Once you’ve completed your project made out of plywood, it’s time to apply the finishing touches. Many homeowners wonder if you can stain or paint plywood. The answer is yes!
For the best-looking and longest-lasting finish follow these tips from our experts …
How to Paint Plywood
Your techniques will vary depending on your desired finished results. If you’re painting lower-grade plywood (Grade C or D), you won’t need to be as thorough with the prep steps. These grades of plywood are inherently rough, with voids, knots, and splits, so spending extra time to prep them for paint isn’t usually worth the effort.
BEST PAINT FOR PLYWOOD
The type of paint you use will depend on where the plywood is going to be installed. We recommend water-based latex paint for interior or exterior applications.
PREP THE WOOD
Since Grade A plywood is usually sanded, it’s not necessary to sand the surface before painting. If your sheet of Grade B plywood isn’t sanded, you must be very careful not to remove too much material while sanding. Remember that the layer of wood veneer on top is as thin as 1/16 of an inch.
To save time, it’s best to start off with Grade A plywood. If you must sand the plywood, lightly scuff the surface with 120-grit sandpaper. Next, wipe the wood down with a rag soaked in mineral spirits. Once the wood is dry you can apply primer with a brush or roller. Once the primer has cured, apply the paint!
How to Stain Plywood
Staining plywood is a little trickier since plywood tends to soak up stain at different rates, which results in a blotchy appearance. For best results, take your time and be willing to spend some extra money on quality pre- and post-staining products.
BEST STAIN FOR PLYWOOD
You may use oil- or water-based stain. We recommend oil-based stain for any projects that will be outside. Pre-stain conditioner can help prevent a blotchy appearance and is an important step for a better-looking finished product. You can also use a gel stain for a more even-looking finish.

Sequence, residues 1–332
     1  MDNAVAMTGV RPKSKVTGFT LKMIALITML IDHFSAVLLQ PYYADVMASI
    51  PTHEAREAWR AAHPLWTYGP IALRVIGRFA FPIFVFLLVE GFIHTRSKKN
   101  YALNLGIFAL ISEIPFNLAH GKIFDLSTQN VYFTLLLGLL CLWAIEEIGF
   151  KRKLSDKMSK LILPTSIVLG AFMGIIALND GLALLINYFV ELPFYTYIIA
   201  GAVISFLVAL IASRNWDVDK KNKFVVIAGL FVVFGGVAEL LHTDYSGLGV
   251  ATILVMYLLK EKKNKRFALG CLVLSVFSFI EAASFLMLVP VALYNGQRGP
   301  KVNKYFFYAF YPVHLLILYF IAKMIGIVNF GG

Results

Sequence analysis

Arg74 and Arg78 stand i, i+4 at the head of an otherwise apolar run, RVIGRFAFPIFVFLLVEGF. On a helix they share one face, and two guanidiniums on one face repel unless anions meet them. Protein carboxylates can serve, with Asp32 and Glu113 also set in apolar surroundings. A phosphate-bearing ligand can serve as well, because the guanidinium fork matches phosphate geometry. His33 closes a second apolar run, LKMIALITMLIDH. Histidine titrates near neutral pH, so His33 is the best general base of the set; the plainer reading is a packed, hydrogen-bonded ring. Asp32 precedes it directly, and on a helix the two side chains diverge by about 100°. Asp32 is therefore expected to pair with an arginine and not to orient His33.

PREP THE WOOD
If necessary, follow the sanding instructions we outlined above. Once that’s finished, you’ll need a lint-free cloth or a paintbrush and a pair of rubber gloves to apply the stain. To begin, wipe the wood down with a rag soaked in mineral spirits.
Once the wood is dry, use a lint-free cloth or a paintbrush to apply stain conditioner if necessary. Follow the manufacturer’s instructions for the best results.
APPLY THE STAIN
Once the conditioner is dry, apply the stain with a different rag or brush. The longer the stain stays on the wood, the darker the color will be. This could be anywhere from 10 seconds to 15 minutes depending on the stain. Once you’re satisfied with the color, wipe off any excess stain that did not soak into the wood.
Allow the remaining stain to dry, this could take about 12 hours, but always read the manufacturer’s instructions.
APPLY THE FINISHING TOUCHES
Once the stain is dry, you’ll need to cover the wood with polyurethane or lacquer to protect the stain and prevent it from rubbing off. Both products are available in spray cans for smaller projects. They’re also available in different sheens depending on how glossy you want the finished product to look.
Spray on at least three coats of the poly or lacquer in a well-ventilated area according to the manufacturer’s instructions.
Professional Help When You Need It
When you need a hand, Mr. Handyman can take on most repair and maintenance tasks around the house, giving you free time to focus on your family or your hobbies! Give us a call at (877) 685-1377 or request a service online.